Job Analysis Phase: The job analysis phase consisted of developing a job description, applying an adaptation into Spanish of O*NET instruments [37] to the sample, and presenting a Spanish version of the Position Analysis Questionnaire (PAQ) [38] to expert analysts.

To generate task-based job descriptions, employees answered an open questionnaire in which they were asked to list their most important functions and about eight tasks related to each function. Once these data were analyzed, a job analysis interview was held with each incumbent to clarify doubts and incongruences between standard (O*NET) and open questionnaires.

Parallel to this process, each job was analyzed by two technicians who answered the PAQ questionnaire separately and were then required to reach consensus on their scores. A cluster analysis was performed on PAQ second order dimensions (dimensions 33 to 45) to form preliminary groups. After an expert panel discussion using O*NET, job descriptions, and PAQ results, jobs were finally clustered into the eight families listed above.

Task Inventory Phase: Task inventories were family-specific and were developed from job descriptions. In a first step, task inventories included all tasks from all jobs within each family. Task inventories were administered to all the incumbents, who scored each task according to frequency, importance, and complexity criteria. All tasks applicable to at least one job within the family (at least one employee declared having performed it) were selected to devise the appraisal questionnaire. Each family had a specific inventory and thus a different questionnaire: a different number of tasks and different tasks.

Phase of development of the task performance questionnaire: Once task inventories were developed, a subject matter expert (SME) board elaborated the task performance appraisal questionnaires. This SME board included researchers and administration experts, supervisors, and union representatives, who revised each inventory and eliminated or included some tasks following a relevance criterion. Finally jobs within each family shared the following number of tasks: Administrative clerks (60); Riggers or Construction Engineers (17), Inspectors (26), Section/Service Heads (77), Computer Operators (24), Secretaries (34), Subordinates (31), and Law graduates (54).

Job family-specific questionnaires included items formulated from each task specification. The descriptive statement for each task was formulated with an evaluative behavioral assertion aimed at discovering workers’ task performance. For instance, the task “Updates records with new documents” produced the performance assertion “Updates records with new documents regularly and correctly”. Each of these assertions had a graphic ten-point scale with five anchorages, from “Almost never” to “Always”, plus a “Does not apply” box. For each case, the task performance score was computed by averaging answers to the worker’s particular number of responses.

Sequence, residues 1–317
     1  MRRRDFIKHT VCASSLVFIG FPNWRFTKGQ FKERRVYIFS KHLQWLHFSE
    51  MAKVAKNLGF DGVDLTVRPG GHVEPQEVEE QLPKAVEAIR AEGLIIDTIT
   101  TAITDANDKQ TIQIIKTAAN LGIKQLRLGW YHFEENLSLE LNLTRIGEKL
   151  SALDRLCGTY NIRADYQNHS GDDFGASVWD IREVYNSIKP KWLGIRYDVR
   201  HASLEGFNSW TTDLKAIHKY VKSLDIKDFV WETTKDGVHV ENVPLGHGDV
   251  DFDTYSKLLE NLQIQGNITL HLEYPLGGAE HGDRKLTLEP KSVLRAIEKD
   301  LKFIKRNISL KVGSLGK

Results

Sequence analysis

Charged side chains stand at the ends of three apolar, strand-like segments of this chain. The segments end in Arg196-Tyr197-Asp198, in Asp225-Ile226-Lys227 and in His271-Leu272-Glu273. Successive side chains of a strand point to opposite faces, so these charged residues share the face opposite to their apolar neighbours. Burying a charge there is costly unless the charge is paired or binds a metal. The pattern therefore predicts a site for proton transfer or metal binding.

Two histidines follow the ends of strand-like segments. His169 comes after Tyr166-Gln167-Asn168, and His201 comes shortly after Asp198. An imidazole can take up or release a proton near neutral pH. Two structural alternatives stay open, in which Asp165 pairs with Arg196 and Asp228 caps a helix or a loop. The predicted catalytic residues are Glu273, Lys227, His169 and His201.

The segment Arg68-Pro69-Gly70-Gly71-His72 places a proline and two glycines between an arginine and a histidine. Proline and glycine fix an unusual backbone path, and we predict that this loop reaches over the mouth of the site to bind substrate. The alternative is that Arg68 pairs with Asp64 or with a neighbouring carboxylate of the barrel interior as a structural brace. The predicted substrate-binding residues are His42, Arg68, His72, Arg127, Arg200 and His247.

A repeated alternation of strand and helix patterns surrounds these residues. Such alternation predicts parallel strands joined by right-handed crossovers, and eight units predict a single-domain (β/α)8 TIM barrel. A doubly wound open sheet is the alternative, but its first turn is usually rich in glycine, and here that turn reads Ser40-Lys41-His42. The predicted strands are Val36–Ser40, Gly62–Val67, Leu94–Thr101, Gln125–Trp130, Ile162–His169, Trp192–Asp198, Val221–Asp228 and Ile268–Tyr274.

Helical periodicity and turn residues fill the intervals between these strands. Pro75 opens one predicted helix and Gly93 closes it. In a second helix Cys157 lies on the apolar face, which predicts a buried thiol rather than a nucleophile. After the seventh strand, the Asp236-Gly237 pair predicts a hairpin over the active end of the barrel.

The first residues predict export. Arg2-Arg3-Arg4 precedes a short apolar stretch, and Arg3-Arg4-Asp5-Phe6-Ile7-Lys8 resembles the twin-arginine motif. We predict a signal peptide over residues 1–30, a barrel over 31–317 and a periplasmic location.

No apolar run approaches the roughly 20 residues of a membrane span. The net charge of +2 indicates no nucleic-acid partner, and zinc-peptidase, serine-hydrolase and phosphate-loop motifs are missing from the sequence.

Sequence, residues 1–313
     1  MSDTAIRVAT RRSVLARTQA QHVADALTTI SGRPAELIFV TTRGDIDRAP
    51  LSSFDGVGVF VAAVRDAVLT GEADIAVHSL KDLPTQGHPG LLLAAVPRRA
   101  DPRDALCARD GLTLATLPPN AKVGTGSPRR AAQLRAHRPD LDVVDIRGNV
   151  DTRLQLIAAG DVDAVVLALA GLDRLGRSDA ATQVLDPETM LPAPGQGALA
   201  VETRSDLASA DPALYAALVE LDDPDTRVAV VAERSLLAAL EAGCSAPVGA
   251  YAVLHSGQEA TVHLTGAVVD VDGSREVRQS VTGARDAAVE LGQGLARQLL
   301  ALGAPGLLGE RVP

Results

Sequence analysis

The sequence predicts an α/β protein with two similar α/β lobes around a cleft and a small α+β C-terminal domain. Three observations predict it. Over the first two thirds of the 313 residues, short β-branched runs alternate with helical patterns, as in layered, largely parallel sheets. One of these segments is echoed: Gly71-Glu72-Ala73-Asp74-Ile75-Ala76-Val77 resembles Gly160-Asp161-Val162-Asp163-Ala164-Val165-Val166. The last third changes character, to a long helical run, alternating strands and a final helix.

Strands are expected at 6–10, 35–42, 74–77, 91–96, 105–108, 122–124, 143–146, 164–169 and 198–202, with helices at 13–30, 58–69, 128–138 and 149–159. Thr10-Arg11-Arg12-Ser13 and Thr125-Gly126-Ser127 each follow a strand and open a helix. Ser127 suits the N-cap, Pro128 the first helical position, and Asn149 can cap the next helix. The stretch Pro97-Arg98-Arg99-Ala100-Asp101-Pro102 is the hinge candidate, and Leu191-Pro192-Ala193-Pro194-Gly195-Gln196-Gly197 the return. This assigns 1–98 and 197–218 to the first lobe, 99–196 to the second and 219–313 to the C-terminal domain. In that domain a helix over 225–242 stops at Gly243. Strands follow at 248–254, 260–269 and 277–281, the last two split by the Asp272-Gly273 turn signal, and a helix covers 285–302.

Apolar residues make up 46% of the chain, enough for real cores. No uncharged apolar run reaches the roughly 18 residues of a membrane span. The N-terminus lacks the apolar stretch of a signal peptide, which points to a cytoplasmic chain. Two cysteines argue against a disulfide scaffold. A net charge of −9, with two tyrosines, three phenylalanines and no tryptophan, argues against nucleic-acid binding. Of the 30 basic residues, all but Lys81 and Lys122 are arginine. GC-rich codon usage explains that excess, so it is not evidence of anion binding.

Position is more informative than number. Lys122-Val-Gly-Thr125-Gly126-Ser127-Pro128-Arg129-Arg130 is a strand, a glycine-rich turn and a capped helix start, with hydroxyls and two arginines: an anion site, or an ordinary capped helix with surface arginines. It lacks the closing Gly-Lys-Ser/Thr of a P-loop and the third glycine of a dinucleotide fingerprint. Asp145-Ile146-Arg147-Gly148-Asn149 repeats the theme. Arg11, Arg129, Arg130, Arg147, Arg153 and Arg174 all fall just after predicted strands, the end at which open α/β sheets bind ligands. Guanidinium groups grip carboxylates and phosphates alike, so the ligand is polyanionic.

Contextual performance questionnaire.

Contextual performance was assessed through a Spanish adaptation of Coleman and Borman’s [23] questionnaire. This version had 27 items with six-point graphic scales and two extreme anchors that can be summarized in a general single dimension [24]. According to these authors’ results, this questionnaire addresses behaviors aimed at benefiting other individuals and the organization, although a single-factor solution is sufficiently reliable. Participants were asked to answer each question depending on what they believed better described their behavior at work. In order to make Task and Contextual performance scores comparable in range, and means, OCB item responses were multiplied by their factor coefficients from a principal components analysis (forced to a single component solution). These scores were summed up and transformed so that the minimum possible (27 raw points) became 0 and the maximum (27*6 raw points) became 10, following the formula:. Where xi is the raw answer to item i, and Fci is the factor coefficient of that item. Correlation between raw score means and this OCB score was rxy = 1.